Born in Los Angeles in 1951, James Newton Howard began taking classical piano lessons at the age of four, playing on a piano owned by his grandmother, who was the Pittsburgh Symphony's concertmaster and violinist during the '30s and '40s. He went on to study at the USC School of Music and at the Music Academy of the West (in Santa Barbara) with Reginald Stewart and Leon Fleisher. He also studied under orchestrator Marty Paich, who would later conduct some of Howard's scores. After graduating from college, Howard joined the short-lived rock band Mama Lion, which released the albums Preserve Wildlife (1972) and Give It Everything I've Got (1973) via Family Productions in North America and Philips elsewhere.
Howard then worked for a couple of years as a session musician with artists including Diana Ross, Carly Simon, and Leo Sayer, and issued a self-titled album of instrumental progressive rock in 1974. The following year, he joined the backing band of one of the most popular artists of that time, Elton John, touring and recording with him during the mid-'70s and later rejoining him for tours in 1980 and 1986. Over the years, Howard also worked as a songwriter, producer, and/or arranger with such artists as Cher, Earth, Wind Fire, Rickie Lee Jones, Bob Seger, Rod Stewart, and Barbra Streisand.
While also filling the roles of musician, arranger, or producer on occasional songs and scores for Hollywood, Howard made his feature-film composing debut alongside Alan Howarth on the 1985 comedy Head Office. His first solo credit was the next year's Wildcats, another comedy. Beginning in 1986, he transitioned to scoring full-time, earning multiple film composing credits per year for over 30 consecutive years.
Moving agilely between comedies, dramas, and thrillers, Howard penned scores for box office hits including Major League (1989), Pretty Woman (1990), and Flatliners (1990) before he was recognized with an Oscar nomination for his work on The Prince of Tides (1991). He was nominated again two years later for The Fugitive (1993). He earned a third Academy Award nomination, his first in the category of Best Original Song, for his collaboration with Carole Bayer Sager, James Ingram, and Patty Smyth on "Look What Love Has Done" from the Ivan Reitman comedy Junior (1994). Another best song nomination followed for the Kenny Loggins tune "For the First Time" from the romantic comedy One Fine Day (1996). It was co-written by Howard, Jud Friedman, and Allan Dennis Rich. My Best Friend's Wedding (1998) brought a fifth Oscar nomination for Howard, this time for original score. In the late '90s, he began a long-running partnership with M. Night Shyamalan, providing the music for the director's suspense-genre breakthrough, The Sixth Sense (1999).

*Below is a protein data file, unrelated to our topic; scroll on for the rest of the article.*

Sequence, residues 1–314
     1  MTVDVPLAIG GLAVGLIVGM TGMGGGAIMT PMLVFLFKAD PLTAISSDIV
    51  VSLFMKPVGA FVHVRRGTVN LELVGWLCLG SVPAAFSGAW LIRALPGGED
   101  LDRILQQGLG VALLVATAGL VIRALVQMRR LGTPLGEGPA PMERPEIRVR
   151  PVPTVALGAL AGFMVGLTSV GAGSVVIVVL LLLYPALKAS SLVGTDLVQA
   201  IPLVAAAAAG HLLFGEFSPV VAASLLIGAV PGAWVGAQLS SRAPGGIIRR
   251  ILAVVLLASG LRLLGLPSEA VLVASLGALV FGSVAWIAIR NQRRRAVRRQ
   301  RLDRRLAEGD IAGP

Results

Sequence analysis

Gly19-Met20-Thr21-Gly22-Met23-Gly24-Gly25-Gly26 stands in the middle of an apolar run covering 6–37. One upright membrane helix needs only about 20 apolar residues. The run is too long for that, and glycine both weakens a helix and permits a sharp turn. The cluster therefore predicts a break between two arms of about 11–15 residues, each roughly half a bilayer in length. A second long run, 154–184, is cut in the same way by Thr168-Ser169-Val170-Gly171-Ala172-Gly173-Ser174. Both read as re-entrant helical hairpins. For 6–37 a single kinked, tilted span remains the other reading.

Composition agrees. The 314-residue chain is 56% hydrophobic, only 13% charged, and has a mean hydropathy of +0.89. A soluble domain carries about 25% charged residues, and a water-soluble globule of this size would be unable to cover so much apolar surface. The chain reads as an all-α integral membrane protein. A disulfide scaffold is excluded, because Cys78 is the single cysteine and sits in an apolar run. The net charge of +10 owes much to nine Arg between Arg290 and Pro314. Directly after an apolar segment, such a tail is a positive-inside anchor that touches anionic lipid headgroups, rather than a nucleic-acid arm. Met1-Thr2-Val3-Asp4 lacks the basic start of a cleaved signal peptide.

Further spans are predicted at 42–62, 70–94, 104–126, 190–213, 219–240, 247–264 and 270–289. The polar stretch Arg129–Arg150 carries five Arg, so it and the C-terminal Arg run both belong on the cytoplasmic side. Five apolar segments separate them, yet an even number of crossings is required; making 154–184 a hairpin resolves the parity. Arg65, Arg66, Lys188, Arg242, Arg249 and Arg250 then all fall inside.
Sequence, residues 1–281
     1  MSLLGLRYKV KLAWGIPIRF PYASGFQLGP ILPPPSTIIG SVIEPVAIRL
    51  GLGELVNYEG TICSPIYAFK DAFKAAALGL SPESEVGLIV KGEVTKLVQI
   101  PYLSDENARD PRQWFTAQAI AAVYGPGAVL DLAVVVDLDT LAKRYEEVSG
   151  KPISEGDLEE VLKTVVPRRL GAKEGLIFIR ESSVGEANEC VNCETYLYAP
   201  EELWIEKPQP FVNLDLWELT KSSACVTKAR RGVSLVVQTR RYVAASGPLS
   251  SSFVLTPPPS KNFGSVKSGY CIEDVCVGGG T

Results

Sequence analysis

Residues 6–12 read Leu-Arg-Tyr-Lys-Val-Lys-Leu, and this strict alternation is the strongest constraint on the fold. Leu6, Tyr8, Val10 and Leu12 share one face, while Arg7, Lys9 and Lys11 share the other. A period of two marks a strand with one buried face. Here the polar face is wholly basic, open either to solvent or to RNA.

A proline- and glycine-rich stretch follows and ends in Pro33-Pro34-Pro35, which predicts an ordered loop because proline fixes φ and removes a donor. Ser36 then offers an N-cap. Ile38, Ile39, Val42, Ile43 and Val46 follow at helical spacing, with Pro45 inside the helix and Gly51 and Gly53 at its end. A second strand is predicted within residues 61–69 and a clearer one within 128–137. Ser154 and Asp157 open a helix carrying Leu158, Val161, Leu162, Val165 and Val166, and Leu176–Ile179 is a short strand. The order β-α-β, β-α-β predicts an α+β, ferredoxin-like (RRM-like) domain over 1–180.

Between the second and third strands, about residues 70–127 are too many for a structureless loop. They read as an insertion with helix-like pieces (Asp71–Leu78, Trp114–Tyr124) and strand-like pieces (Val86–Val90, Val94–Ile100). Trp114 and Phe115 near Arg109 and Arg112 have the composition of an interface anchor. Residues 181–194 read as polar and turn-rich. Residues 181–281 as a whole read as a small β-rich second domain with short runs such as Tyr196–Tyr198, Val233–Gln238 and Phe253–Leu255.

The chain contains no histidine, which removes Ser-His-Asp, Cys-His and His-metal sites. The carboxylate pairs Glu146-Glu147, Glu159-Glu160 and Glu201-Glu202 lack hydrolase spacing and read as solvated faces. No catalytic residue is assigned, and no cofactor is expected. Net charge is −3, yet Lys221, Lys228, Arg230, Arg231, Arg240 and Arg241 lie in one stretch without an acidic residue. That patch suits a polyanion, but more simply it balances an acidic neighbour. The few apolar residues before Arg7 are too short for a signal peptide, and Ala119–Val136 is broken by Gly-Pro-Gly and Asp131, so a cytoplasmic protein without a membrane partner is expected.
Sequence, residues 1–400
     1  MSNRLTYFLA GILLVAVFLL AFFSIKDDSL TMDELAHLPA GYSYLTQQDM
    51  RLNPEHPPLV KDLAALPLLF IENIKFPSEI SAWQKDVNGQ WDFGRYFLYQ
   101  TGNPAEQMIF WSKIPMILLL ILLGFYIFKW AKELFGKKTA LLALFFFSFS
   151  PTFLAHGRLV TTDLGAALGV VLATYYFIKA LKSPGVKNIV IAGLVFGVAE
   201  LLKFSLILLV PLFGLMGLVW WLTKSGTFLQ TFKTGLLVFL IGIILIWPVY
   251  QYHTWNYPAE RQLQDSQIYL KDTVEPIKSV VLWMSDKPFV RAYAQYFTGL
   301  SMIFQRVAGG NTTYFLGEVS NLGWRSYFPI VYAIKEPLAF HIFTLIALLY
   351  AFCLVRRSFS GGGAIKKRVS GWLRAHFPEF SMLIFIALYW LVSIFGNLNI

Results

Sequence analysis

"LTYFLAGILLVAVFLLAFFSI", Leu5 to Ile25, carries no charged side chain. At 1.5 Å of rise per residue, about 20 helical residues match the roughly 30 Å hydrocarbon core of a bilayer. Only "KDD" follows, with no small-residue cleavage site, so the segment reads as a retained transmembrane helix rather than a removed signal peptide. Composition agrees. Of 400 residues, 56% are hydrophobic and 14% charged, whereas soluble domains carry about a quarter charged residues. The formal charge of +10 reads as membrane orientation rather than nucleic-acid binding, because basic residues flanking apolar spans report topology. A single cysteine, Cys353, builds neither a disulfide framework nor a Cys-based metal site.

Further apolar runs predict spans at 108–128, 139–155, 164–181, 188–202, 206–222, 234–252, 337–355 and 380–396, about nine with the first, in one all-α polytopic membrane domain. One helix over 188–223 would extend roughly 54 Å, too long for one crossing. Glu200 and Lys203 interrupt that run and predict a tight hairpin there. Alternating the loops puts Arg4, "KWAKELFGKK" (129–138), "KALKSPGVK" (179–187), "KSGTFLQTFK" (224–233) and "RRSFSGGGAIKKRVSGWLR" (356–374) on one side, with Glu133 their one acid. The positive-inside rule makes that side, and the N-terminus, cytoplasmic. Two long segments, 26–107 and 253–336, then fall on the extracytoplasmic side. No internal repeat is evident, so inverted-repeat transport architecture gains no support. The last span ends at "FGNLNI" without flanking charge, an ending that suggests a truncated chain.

Howard found employment in television during the '90s, including writing the theme to ER, and in 2001, he won an Emmy Award for Outstanding Main Title Theme Music for Gideon's Crossing. In the meantime, he continued to collaborate with Shyamalan, scoring Unbreakable (2000), Signs (2002), and The Village (2004). The latter delivered Howard's sixth Oscar nomination. From 2004 to 2007, he served on ASCAP's Board of Directors, filling the vacancy left by the death of Elmer Bernstein. Concurrently, Howard teamed with director Christopher Nolan for the blockbuster DC Comics adaptations Batman Begins (2005) and The Dark Knight (2008), both composed with Hans Zimmer. The Dark Knight won them a Grammy for Best Score Soundtrack for Visual Media. He also scored Peter Jackson's 2005 remake of King Kong. Meanwhile, the Sydney Pollack-directed Michael Clayton (2008) and the Daniel Craig vehicle Defiance (2009) garnered Howard his seventh and eighth Oscar nominations.
In the 2010s, James Newton Howard continued to work with Shyamalan; their seventh collaboration, The Last Airbender, hit theaters in 2010. That year, the composer also took a position as visiting professor at the Royal Academy of Music in London. In 2012, he joined the Jason Bourne, Huntsman, and Hunger Games film franchises with his music for The Bourne Legacy, Snow White and the Huntsman, and The Hunger Games. He returned for The Hunger Games: Catching Fire (2013) and The Hunger Games: Mockingjay, Pt. 1 (2004) and 2 (2015). In 2016, he followed up another series with The Huntsman: Winter's War and joined the Harry Potter universe with Fantastic Beasts and Where to Find Them. Howard also scored its sequel, Fantastic Beasts: The Crimes of Grindelwald (2018). Adapting Tchaikovsky's suite and adding music of his own, his score for Disney's The Nutcracker and the Four Realms (2018) was recorded by the Philharmonia Orchestra with conductor Gustavo Dudamel and pianist Lang Lang. In 2019, he scored director Terrence Malick's acclaimed WWII-era drama A Hidden Life, and in 2020 he helmed the Paul Greengrass Western News of the World. ~ Marcy Donelson, Rovi
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